The Drotschie brothers set to be part of only a handful of siblings to have entered the EFC hexagon.
Hermie Drotschie will make the walk for the first time at EFC 72, but he has a better sense than most debutants about the bright lights given his older brother is former light-heavyweight champion Gideon.
Both men are scheduled to fight at GrandWest Arena in Cape Town on Saturday, with Hermie paired up with Francois Cundari, and Gideon dropping down to middleweight to welcome Englishman Jenaid Ebanks on the main card.
Other siblings to have competed in the EFC include Niel and Dricus du Plessis, the Botha twins Hanru and Pierre, and the Buirski trio of David, Gareth and Matthew.
Hermie, who has an amateur record of 4-1 plus a kickboxing victory, is familiar with the set-up having been in Gideon’s corner for past fights in the promotion.
“I’ve felt the environment,” the welterweight tells mmaengage.com.
“I’ve felt that atmosphere. I’ve been in there and had my heart pumping. If you just make the walk with someone you’re in there pretty much with them. Your heart starts beating, you feel the beat of the stadium, everyone is screaming. It might just as well be you. The only difference is when the cage door closes, that’s about it. Up until the ref stops it or the last buzzer sounds, your heart is racing man. It’s about the same. The result you can’t do anything about it. In the cage you can do something about the result, outside you can’t do much.”
The 26-year-old says Gideon – the owner of Takedown Martial Arts And Fitness Academy in Retreat – has been pushing him in training. His Reps MMA teammates Armand Scheepers, Bruno Mkulu and Willem Smith are also representing Rico Hattingh’s Belville-based gym this weekend.
“He’s [Gideon] been helping me a lot, just especially with the stand-up and the cardio. He has just been helping me push, keeping me on my toes the whole time. He been helping me a lot training-wise and helping to push me.
“I think it adds more of a good vibe [both fighting on the card]. We train together, we are both dieting together, we are going through the same stuff. Everything we can relate. I can go, ‘Ja man, how are you feeling?’ He’s like, ‘This is a bit sore’. I’m like, ‘Ja, me too’. Then we rest and go again. It’s almost like we are bonding again from the beginning.”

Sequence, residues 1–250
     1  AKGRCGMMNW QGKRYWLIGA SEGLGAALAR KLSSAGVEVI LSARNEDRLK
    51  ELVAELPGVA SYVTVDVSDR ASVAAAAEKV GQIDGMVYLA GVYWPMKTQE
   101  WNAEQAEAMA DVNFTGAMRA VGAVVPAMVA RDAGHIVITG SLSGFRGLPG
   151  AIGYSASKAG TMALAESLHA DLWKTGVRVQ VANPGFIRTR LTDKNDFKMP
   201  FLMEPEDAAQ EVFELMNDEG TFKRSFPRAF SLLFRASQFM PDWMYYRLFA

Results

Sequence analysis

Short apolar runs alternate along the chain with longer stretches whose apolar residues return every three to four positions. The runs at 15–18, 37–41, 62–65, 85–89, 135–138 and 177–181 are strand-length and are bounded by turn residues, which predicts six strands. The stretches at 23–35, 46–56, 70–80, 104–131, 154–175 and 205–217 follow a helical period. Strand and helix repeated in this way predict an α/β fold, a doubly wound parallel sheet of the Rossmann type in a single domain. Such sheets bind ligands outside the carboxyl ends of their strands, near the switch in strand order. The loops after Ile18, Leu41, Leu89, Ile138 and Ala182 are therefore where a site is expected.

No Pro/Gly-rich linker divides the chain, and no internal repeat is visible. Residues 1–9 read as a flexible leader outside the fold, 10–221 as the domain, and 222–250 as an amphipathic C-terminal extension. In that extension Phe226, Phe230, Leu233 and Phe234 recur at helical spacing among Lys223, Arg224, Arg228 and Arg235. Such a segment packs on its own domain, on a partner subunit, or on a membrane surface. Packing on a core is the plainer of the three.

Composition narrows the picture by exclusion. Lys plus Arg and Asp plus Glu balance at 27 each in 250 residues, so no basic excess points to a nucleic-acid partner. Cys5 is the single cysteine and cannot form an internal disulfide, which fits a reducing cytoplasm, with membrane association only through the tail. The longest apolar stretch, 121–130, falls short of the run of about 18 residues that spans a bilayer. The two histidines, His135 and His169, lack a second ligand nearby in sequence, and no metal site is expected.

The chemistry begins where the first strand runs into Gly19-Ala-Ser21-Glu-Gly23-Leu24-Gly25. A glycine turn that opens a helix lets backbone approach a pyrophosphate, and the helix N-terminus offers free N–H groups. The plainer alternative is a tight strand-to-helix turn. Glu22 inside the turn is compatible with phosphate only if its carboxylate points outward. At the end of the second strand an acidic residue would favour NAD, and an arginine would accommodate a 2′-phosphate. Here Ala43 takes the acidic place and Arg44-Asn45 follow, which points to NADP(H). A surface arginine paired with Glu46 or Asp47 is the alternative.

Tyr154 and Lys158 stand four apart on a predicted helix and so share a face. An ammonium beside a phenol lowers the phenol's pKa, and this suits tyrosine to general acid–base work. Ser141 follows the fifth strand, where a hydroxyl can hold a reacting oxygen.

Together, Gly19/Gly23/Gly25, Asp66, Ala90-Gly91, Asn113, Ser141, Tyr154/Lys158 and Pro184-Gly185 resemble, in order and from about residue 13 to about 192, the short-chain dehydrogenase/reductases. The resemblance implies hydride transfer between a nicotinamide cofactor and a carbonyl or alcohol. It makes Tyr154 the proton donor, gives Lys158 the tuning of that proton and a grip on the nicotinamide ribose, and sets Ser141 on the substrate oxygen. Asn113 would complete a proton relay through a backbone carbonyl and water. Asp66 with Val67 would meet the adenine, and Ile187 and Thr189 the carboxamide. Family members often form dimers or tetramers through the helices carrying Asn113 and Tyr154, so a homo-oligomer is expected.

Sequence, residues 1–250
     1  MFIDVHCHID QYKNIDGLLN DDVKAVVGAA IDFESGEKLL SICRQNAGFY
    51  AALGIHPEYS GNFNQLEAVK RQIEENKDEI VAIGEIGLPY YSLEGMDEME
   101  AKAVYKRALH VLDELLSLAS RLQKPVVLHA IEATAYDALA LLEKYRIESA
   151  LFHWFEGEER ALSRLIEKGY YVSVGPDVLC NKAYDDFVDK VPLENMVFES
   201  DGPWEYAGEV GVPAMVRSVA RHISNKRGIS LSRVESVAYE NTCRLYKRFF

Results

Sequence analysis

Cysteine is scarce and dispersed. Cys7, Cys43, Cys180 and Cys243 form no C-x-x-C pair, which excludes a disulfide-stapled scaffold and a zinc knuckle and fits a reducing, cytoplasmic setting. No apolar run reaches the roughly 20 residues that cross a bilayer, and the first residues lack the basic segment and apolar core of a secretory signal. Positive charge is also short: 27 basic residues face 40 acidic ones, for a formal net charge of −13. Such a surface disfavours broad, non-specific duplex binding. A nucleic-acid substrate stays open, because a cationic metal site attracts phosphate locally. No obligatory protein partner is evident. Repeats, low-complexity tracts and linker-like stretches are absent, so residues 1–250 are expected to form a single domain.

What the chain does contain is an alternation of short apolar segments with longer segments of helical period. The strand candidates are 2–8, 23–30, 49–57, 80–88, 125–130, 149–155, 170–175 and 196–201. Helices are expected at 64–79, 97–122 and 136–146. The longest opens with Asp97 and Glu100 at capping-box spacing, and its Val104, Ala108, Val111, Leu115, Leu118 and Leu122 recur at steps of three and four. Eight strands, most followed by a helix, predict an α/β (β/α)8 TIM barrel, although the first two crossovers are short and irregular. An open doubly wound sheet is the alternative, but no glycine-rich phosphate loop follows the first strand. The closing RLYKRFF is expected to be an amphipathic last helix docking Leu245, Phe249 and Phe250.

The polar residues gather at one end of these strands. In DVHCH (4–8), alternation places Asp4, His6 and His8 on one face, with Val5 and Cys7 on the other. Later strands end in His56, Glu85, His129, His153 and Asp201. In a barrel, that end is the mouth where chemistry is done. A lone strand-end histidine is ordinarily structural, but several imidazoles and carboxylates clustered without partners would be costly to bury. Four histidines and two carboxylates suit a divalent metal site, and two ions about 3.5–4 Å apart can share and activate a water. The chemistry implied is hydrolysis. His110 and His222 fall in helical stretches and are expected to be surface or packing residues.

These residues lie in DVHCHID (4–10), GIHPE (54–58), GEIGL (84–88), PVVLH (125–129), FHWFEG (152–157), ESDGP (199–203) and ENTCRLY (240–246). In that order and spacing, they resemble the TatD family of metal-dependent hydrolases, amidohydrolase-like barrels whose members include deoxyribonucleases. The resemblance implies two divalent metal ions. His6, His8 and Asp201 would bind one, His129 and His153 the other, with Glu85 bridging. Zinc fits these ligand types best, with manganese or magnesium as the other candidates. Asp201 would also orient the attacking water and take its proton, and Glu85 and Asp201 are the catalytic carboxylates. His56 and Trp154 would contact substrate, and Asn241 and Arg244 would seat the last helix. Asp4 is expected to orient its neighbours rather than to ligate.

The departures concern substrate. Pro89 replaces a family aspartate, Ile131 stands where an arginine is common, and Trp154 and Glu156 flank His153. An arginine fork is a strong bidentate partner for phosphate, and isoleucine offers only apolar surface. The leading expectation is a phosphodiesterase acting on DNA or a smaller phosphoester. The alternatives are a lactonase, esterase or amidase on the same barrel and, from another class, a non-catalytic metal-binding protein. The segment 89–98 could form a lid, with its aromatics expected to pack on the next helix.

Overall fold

He adds: “My training has amped up. I don’t feel there is more at stake. I just feel I have to be more prepared. I have to be fitter. I have to be stronger.
“I have fought five-minute rounds, that’s not too new. Just having to be more prepared. I have to be more on my game, it’s more a step up. It’s still just a fight.”
While ‘a fight’s a fight’ to Hermie, his mom understandably gets “super nervous” when her sons go into battle.
“My dad not as much. My mom is like, we have to give her tickets and force here to come. She doesn’t like watching. I think now it is even worse, now she has to watch me then wait the whole night then watch him. It’s gonna be either a very great one or a very bad one – there’s no in between,” he says with a laugh.
Hermie, who is strong on the ground like Cundari (2-2) but believes in his stand-up, expects the Silverback Mixed Martial Arts product to come out hard as he seeks to respond from a submission loss to Luke Michael in March.
“I really hope he had a good training camp. I know he’s gonna come hard. And ja, me and him can have a beer afterwards but when the cage door closes it’s on. Obviously when he signed to fight me, he thinks he can beat me, so that’s already something to fight for.”
Do you think both Drotschie brothers have what it takes to get a win this weekend? Let us know in the comments below.